Crunchy Thoughts

The thoughts are crunchier here.

summer of sam

As far as summers go, Sam has had a decently eventful one, albeit in fits and spurts. Now that we are slowly lumbering into fall (it’s October yet it’s a balmy 84 degrees outside, what gives?) perhaps I can sum everything up to my satisfaction.

Last July Sam went through a series of evaluations at the Civitan Sparks Clinic in downtown Birmingham, an organization that evaluates developmental and learning disorders. We had been on the waiting list for a good year; I had almost forgotten about it. Steven and I have never really worried that Sam has some sort of earth-shattering major delay, he just kinda seems . . . Aspergerish. By the time we heard back from the clinic with a testing date, we debated canceling the whole thing. Sam is fine. He talks. He’s happy. Why worry? In the end we went through with it since, hey, year-long waiting list, dude, and we were at the top.

The evaluations were spread across two separate days, one in July and the other in August. There were meetings with every kind of specialist under the sun. At the end of both days Sam crashed in the car on the way home — he was worn out! For some of the meetings I got to watch Sam through a mirror while he wiggled around and charmed everyone. During the hearing evaluation he sat in a sound-proof room while the specialist talked to him through a set of headphones. Every time she would ask him to do something he would reply, “Okay, Mommy!”

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The hardest evaluation for Sam was the occupational therapy meeting. He became very frustrated with himself while trying to draw shapes and cut with scissors. The other test he struggled with was the hearing evaluation. Two hearing tests on both days showed some hearing loss with low tones and some pressure in his middle ears.

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The hearing test results had us back at the ENT to be re-evaluated. Unfortunately, Sam’s ENT that installed his tubes in 2011 had left the practice, so we were stuck with Lydia’s ENT, who is a good doctor but has a very clipped manner. As with Lydia’s time at the ENT, poor Sam and I ended up being stuck in a 9 x 9 waiting room with a little television that played episodes of Jessie from the Disney Channel nonstop, with no remote to be found.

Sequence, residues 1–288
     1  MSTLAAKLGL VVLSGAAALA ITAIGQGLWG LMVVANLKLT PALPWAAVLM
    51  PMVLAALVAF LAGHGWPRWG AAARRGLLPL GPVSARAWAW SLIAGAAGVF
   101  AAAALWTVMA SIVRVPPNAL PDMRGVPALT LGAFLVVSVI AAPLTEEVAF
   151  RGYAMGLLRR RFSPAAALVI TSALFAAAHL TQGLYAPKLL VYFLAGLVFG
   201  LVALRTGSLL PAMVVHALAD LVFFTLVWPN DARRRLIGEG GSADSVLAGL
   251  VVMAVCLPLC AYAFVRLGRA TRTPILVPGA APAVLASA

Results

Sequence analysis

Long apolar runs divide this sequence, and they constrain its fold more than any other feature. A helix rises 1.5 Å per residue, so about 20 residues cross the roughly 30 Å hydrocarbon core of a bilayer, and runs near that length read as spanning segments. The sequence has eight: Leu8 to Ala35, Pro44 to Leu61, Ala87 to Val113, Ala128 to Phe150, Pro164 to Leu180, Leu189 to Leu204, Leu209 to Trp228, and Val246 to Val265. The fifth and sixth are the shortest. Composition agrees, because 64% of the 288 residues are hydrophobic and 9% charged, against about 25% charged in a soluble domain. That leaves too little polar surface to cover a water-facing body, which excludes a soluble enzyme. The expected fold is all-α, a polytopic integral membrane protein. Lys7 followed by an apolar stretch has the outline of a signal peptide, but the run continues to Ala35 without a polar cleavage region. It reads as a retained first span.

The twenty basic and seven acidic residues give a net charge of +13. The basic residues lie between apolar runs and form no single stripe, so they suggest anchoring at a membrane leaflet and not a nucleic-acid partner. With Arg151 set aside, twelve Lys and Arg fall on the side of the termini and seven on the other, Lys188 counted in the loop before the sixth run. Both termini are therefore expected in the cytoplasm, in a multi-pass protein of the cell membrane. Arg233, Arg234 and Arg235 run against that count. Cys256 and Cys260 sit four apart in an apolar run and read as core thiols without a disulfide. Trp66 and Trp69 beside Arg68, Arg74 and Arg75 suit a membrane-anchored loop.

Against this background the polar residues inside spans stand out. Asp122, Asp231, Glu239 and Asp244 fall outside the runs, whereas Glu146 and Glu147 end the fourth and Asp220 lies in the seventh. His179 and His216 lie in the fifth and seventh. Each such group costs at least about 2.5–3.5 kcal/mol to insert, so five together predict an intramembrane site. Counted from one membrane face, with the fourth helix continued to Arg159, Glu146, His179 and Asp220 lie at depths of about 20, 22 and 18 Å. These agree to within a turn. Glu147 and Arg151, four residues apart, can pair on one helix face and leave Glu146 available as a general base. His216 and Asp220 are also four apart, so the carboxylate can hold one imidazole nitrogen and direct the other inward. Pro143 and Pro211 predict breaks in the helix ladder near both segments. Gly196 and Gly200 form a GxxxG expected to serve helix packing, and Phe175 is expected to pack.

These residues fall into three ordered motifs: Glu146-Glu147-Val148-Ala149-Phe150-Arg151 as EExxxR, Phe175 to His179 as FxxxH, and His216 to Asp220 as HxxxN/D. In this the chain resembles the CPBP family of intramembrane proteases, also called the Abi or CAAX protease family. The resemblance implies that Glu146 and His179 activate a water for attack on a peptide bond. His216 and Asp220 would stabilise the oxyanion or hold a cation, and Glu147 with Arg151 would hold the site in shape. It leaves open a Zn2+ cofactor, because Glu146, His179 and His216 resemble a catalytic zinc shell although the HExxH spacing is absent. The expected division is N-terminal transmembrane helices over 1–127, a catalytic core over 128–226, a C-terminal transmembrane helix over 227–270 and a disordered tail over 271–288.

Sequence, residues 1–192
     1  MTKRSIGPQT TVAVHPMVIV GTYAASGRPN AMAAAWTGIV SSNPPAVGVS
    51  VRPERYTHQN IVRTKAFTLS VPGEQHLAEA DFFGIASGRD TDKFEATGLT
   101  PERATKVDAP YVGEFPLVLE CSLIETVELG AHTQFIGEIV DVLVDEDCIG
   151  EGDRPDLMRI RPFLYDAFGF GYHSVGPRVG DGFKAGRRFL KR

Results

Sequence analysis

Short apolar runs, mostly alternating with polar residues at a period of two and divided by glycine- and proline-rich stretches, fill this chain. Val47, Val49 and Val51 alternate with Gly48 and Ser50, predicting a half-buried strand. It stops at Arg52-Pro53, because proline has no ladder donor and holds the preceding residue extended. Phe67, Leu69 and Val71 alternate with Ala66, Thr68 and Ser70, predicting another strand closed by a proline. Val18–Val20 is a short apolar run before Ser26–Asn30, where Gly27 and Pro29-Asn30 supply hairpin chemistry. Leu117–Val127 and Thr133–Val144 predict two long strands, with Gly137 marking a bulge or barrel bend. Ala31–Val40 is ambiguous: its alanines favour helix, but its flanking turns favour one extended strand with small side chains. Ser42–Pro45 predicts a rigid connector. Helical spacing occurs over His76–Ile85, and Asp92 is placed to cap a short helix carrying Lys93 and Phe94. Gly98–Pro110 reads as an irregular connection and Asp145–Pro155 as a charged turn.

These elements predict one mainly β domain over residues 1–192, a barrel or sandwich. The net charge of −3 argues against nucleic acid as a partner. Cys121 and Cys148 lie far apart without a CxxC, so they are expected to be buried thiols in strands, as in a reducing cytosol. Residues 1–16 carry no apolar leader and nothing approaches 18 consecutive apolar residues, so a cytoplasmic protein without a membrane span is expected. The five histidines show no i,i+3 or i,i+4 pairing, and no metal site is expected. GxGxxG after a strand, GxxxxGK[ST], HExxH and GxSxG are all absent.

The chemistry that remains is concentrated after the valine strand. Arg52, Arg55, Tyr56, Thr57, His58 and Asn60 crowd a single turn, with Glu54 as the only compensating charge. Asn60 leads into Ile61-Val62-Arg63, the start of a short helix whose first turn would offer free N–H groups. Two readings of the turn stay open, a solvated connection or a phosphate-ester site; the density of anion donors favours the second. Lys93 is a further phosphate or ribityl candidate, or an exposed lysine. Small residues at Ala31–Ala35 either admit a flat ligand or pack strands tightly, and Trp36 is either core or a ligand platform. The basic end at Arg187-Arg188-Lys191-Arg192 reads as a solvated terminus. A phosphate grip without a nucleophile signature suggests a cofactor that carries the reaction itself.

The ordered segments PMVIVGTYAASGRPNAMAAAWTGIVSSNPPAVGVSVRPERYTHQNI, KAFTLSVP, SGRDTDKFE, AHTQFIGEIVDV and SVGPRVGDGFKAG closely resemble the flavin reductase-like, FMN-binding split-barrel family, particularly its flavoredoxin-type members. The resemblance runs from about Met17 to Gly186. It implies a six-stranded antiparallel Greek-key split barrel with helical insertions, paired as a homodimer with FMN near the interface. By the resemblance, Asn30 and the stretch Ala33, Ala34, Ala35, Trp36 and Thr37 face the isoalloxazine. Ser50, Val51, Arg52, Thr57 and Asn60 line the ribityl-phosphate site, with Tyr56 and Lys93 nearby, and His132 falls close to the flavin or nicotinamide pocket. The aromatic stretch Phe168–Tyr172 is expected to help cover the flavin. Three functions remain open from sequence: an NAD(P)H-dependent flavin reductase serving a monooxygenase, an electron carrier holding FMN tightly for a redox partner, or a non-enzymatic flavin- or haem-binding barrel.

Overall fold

For two and a half hours.

By the time the ENT came in — “Hi, I’m Dr. Hill; he definitely needs tubes; any questions?” — I had resigned to let Sam play with the up and down buttons in the examination chair, mentally daring any nurse to come in and tell us to stop.

So suddenly — tubes! And adenoids! Surgery! This was taken care of a mere week later. Since we had already done the whole tubes thing twice before, the third time didn’t feel so taxing or seem to take as long. The hardest part was trying to keep a very hungry Sam distracted and amused while we waited. A hungry four year old is much tougher to handle than a hungry one year old. By mid-morning, tubes were installed and adenoids removed so we headed home, where Sam vegged on the couch.

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After the ENT sidetrack, we were back at the Sparks Clinic a few weeks ago for all the results. All in all, Sam did very well. There’s only a few things that were of concern, and all of the ENT business took care of one of them. The next step for Sam is occupational therapy — he did not do well on that evaluation, especially with grasping and visual motor skills. We have already located a pediatric occupational therapist close by and our first visit was this Monday.

The step after that is getting evaluated with Citivan Sparks’ autism clinic, which is apparently a completely separate thing from all of this stuff we went through. The wait for that might be a year or more. Until then, we will work with the occupational therapist and just keep on keeping on. Judging by that first appointment, Sam is going to love occupational therapy. Even Lydia was a bit jealous she couldn’t jump on the trampoline and swing with Sam.

At the end of the day, none of this changes who Sam is as a person, or what we think about him. Hopefully, some of this knowledge will help us relate to him and help guide him through the rough patches. He’s still Sam — my orange-loving, wall-bouncing, girl-charming, dirt-digging, water-playing, self-contained amusement park of a boy.

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